• Simpler methodology compared to developing comprehensive competency models.
  • Low risk of missing key job elements since the aim is complete task decomposition.

Limitations of Traditional Job Analysis

  • Very time-consuming and labor-intensive to capture nuanced details.
  • Can become outdated quickly as business objectives and needs evolve.
  • Focused on past and present job requirements rather than preparing for the future.
  • Not well-suited for dynamic or evolving roles.
  • Developing standardized TJA processes across large organizations is difficult.
  • No insight into the relative importance of tasks or differentiating capabilities.

Advantages of the Competency Approach

  • Provides better alignment between talent management and strategic business goals.
  • Highlights differentiating capabilities driving peak performance rather than generic activities.
  • Emphasizes portable competencies and behaviors that remain relevant despite job changes.
  • Adapts more readily to changing organizational capabilities needs.
  • Data-driven insights into improvement areas based on high performer analysis.
  • Promotes internal mobility and succession planning by illuminating transferable competencies.

Downsides of the Competency Approach

  • More challenging implementation process requiring specialized expertise.
  • Ambiguous competency definitions hard to observe and measure.
  • Risk of overly broad competency frameworks that lack granularity.
  • Heavy reliance on analyzing current high performers whose competencies may not fully meet future needs.
  • Lagging indicator of issues if models not updated regularly.
  • Less helpful for documenting routine day-to-day activities of a job.

Best Practices for Implementation 

Effective Traditional Job Analysis

  • Use multiple data collection methods – interviews, shadowing, surveys etc.
  • Involve both supervisors and job incumbents.
  • Include SMEs from across business units and geographies for consistency.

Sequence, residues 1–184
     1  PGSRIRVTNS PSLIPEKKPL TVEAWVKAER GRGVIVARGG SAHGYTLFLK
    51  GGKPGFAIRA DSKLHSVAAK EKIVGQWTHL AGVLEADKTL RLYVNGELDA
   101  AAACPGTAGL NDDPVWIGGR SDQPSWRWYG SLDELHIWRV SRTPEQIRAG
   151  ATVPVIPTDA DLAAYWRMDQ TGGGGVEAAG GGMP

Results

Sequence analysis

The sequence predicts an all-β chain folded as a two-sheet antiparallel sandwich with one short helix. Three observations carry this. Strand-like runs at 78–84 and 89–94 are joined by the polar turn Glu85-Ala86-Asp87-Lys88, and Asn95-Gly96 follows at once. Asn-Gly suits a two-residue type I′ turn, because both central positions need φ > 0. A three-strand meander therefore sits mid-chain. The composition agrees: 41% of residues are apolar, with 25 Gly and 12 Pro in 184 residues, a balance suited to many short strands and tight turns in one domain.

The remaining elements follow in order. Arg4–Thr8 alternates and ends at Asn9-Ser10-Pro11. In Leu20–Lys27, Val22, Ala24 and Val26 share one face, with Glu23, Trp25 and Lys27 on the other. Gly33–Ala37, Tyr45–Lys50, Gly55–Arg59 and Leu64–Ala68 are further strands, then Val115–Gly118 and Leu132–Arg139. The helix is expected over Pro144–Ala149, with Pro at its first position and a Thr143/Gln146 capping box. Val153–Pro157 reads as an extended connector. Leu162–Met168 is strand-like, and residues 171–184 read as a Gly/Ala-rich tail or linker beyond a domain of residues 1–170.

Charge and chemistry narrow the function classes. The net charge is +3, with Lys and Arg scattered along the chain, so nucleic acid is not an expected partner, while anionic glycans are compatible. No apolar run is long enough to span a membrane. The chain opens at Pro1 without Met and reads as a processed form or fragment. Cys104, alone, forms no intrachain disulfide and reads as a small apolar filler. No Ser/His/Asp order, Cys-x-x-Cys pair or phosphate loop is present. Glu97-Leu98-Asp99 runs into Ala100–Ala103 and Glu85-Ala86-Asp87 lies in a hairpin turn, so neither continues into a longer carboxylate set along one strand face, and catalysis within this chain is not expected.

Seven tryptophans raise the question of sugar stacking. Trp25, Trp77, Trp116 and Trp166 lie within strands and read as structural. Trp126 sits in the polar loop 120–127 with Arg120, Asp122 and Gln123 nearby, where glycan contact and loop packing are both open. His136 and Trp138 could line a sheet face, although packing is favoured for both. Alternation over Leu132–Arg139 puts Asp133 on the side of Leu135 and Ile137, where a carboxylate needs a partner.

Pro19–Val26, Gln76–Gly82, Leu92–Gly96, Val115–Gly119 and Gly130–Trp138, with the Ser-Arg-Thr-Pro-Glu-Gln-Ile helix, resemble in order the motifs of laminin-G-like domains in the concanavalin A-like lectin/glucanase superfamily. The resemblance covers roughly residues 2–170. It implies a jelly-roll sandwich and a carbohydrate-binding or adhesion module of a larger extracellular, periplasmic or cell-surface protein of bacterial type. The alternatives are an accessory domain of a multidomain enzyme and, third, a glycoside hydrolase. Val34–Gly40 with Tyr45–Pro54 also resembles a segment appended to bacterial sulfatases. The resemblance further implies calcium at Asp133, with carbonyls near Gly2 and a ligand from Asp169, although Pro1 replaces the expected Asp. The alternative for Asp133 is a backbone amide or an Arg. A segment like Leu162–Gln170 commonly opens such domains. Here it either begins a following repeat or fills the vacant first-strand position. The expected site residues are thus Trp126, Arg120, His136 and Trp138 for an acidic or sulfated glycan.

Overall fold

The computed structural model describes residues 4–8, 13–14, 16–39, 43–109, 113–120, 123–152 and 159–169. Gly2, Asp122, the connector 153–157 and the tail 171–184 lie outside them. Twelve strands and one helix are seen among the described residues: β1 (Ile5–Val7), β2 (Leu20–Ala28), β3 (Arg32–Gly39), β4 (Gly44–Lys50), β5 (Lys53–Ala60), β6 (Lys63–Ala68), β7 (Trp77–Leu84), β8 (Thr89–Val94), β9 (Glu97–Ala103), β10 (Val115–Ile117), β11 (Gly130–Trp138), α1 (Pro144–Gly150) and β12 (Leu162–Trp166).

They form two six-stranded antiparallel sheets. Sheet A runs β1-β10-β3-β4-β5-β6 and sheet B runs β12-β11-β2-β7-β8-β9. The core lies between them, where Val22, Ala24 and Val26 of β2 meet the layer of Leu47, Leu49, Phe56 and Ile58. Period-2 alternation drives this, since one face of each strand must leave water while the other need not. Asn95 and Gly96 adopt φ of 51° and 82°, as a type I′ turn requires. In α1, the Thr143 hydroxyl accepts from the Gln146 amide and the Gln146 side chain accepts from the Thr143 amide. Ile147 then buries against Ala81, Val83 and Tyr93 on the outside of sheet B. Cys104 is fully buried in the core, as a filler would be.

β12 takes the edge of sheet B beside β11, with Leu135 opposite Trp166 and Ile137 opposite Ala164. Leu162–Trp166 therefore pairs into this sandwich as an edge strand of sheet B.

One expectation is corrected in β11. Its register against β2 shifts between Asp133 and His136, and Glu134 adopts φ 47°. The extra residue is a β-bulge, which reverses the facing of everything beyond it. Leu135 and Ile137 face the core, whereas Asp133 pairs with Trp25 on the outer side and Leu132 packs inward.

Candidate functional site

• Review and update TJA annually to keep it current.
  • Carefully craft TJA processes to scale across the organization.
  • Balance standardization with customization for unique roles.

Successful Competency Modeling

  • Secure senior management endorsement and involvement.
  • Include perspectives from HR, executives, line managers and high performers.
  • Focus models on aligning capabilities to strategic business priorities and culture.
  • Keep competency models simple, relevant and crystal clear.
  • Set formal model review cycles, annually at a minimum.
  • Use traditional job analysis to provide granular task details.

Tips for Integrating Both Approaches 

Below are examples of how traditional job analysis and competency models can complement each other:

  • TJA: A software company uses TJA to develop job descriptions for its software developers. The job descriptions include a list of the essential duties and responsibilities of the job, as well as the knowledge, skills, and abilities that are required.
  • CM: A healthcare organization uses CM to develop a competency model for its nurses. The competency model includes a list of the KSABs that are necessary for successful performance as a nurse, such as clinical skills, patient care skills, and communication skills.
  • Hybrid approach: A manufacturing company uses a hybrid approach to job analysis. The company uses TJA to identify the essential duties and responsibilities of its production operators. The company then uses CM to identify the KSABs that are necessary for successful performance, such as technical skills, safety skills, and problem-solving skills.

Conclusion and Summary

Ideally, organizations should integrate both approaches. Well-designed competency models aligned to business strategy can be complemented by traditional job analysis providing tactical task details.

This hybrid model gives the precision needed for job specifications and performance management while also equipping organizations with dynamic capability frameworks to drive talent management and compete effectively in the future.